SAUSALITO, CA – Chrysler Group LLC is pondering its next international-market move as it pushes a key initiative to restructure its European sales network, a senior executive says.
“At the moment, we own the distribution,” says Mike Manley, lead executive for the auto maker’s international organization. “We have the sales companies in the markets. We’re transferring those over to Fiat (Automobiles SpA).”
That plan to leverage the strong presence of alliance partner Fiat outside North America is “about halfway” complete, Manley tells Ward’s here at a media preview for the all-new ’11 Jeep Grand Cherokee.
Now the auto maker is “looking at Latin America,” he says, almost bristling at the notion Chrysler’s international-market aspirations have been superseded by headline-grabbing projects such as the Grand Cherokee launch – for which Manley also has responsibility as Jeep president and CEO.
Chrysler’s plans for the international market are “very much not on the back-burner,” Manley says firmly.
Manley credits Chrysler CEO Sergio Marchionne, who also heads Fiat, for instilling not only a goal-oriented culture but one that values the processes to ensure goals are met.
“One of the things that we have to do as a company, that we’re really focused on, is really make sure that we look at where the key opportunities lie,” Manley says. “It’s part of the discipline that Sergio has brought.”
Chrysler has about 1,000 dealers in Europe. “Over a 4-year period, we think that number will increase by about 25%,” Manley adds.
Another feature of the European-market moves is the replacement of the Chrysler brand with Fiat’s Lancia marque in markets other than the U.K. and Ireland. Lancia has no presence in those regions.
In those areas where Lancia dealerships already exist, they either will compete or the stand-alone stores will be eliminated.
“Chrysler, really, in Europe was known for two nameplates: the Grand Voyager and the 300,” Manley says. “We really spent our money on building the nameplates, and those nameplates will continue to exist into the future.”
Now the focus will be on brand-building where investment, historically, was “limited,” he adds.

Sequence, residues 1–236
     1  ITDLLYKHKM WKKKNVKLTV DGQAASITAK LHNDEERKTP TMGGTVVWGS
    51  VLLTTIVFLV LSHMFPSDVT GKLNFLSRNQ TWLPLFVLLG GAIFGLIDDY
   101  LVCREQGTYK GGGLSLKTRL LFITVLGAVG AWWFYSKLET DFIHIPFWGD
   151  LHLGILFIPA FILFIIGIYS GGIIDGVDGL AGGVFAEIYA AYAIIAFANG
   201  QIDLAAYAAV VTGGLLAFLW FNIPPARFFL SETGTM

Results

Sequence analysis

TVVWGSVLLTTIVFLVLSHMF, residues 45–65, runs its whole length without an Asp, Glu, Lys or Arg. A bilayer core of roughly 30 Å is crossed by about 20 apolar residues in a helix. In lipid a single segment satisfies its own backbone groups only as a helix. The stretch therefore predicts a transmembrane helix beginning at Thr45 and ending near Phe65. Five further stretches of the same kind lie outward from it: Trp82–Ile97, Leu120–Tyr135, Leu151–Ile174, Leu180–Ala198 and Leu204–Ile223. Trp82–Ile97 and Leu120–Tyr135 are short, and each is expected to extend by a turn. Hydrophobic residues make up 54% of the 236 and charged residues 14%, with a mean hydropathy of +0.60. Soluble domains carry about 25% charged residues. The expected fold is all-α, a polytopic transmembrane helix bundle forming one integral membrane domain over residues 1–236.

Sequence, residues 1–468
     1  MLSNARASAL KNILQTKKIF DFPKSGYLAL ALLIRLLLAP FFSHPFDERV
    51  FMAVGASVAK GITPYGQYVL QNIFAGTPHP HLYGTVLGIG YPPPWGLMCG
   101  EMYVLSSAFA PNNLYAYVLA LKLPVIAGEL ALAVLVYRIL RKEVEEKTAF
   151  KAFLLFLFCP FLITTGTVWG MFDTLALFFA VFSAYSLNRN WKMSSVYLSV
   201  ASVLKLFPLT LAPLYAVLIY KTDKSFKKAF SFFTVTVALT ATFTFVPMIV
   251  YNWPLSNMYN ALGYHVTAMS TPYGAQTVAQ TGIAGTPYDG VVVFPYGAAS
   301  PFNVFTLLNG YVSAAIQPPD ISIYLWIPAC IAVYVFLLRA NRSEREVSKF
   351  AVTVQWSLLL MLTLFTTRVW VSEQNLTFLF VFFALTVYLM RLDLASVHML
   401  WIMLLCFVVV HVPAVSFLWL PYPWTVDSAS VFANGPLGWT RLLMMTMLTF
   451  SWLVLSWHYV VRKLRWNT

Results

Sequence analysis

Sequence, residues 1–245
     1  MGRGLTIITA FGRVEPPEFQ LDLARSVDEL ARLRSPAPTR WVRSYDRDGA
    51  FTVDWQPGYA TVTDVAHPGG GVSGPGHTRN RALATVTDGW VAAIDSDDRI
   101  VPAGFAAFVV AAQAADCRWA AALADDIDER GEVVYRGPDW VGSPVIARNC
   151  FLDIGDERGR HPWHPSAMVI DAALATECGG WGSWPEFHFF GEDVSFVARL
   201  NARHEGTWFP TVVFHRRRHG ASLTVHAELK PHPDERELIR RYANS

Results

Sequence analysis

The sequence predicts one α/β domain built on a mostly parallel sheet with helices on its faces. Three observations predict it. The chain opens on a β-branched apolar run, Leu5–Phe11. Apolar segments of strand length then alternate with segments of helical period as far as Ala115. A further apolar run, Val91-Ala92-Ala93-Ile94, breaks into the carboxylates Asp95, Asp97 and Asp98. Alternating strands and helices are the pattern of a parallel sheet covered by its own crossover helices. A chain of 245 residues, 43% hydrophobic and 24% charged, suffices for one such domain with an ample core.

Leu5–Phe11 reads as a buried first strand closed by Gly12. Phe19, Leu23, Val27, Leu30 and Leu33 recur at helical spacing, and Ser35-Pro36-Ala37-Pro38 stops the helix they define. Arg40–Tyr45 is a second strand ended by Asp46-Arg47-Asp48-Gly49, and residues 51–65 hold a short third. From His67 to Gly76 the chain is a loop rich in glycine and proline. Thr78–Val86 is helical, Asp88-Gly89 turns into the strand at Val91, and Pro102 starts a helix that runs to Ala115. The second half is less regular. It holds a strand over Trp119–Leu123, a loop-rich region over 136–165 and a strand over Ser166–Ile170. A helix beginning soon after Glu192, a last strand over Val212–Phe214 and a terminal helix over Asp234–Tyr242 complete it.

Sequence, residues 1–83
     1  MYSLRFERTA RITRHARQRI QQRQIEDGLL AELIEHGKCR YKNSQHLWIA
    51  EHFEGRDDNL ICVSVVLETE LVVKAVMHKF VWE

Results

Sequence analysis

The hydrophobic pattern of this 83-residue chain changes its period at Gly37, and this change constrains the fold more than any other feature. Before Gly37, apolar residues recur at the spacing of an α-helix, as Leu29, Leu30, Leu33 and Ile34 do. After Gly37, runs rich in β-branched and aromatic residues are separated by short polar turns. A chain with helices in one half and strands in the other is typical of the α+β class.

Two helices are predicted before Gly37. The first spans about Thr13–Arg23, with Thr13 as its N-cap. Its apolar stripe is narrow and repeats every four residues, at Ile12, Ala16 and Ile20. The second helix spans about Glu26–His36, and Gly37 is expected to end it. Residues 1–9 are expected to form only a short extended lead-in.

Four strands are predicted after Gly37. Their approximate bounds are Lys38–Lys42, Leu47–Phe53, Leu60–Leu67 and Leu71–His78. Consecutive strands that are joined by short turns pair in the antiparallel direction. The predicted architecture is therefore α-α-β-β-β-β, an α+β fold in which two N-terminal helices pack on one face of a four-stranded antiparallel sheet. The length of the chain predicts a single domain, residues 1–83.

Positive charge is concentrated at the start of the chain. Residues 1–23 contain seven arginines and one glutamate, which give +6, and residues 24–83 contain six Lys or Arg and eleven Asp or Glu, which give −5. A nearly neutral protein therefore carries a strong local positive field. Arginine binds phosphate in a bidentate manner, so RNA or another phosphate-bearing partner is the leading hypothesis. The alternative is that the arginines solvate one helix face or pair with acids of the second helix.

“The problem was we had three brands, nearly 20 vehicles and less than 1% market share,” Manley says. “When you have that combination, investing in brand becomes very difficult.”
While Lancia will occupy premium-brand status and Jeep – the strongest of Chrysler’s brands – reinforces its cachet with the Grand Cherokee – Dodge will target the “specialty brand” niche, he says.
“Because a lot of people like (Dodge’s) iconic American styling,” Manley adds.
Meanwhile, the Ram is restricted to the Middle East and Latin America because fullsize pickups are too unwieldy for European roads. Vehicles along the line of the Dakota small pickup are closer to the “heart” of that market, Manley says, offering no hints about plans to replace the vehicle.
A Dakota replacement is on the bubble, according to Chrysler’s 5-year product plan. A successor based on the Fiat Strada has been under consideration.
Against a backdrop of April’s double-digit hikes in Asia, Africa, the Middle East, Eastern Europe and Russia, Chrysler says its sales in Western Europe plummeted 21%, compared with prior-year.
Latin America saw just a 2% uptick, yet that is where the auto maker is setting its dealer restructuring sights next – if only because Fiat is a dominant market force in the region.
Jeep, in particular, resonates in South America, Manley says. But because of oppressive import duties, the brand is a niche player.
“Working with Fiat, there are lots of opportunities,” Manley says, reasserting plans to build Jeep vehicles in the region.
“Definitely,” he adds. “Not potentially.”
Fiat Automobiles parent Fiat Group has three assembly sites in Brazil and one in Argentina. The lone passenger-vehicle plant is in Betim, Brazil, while the other three produce commercial trucks for Fiat’s Iveco SpA division.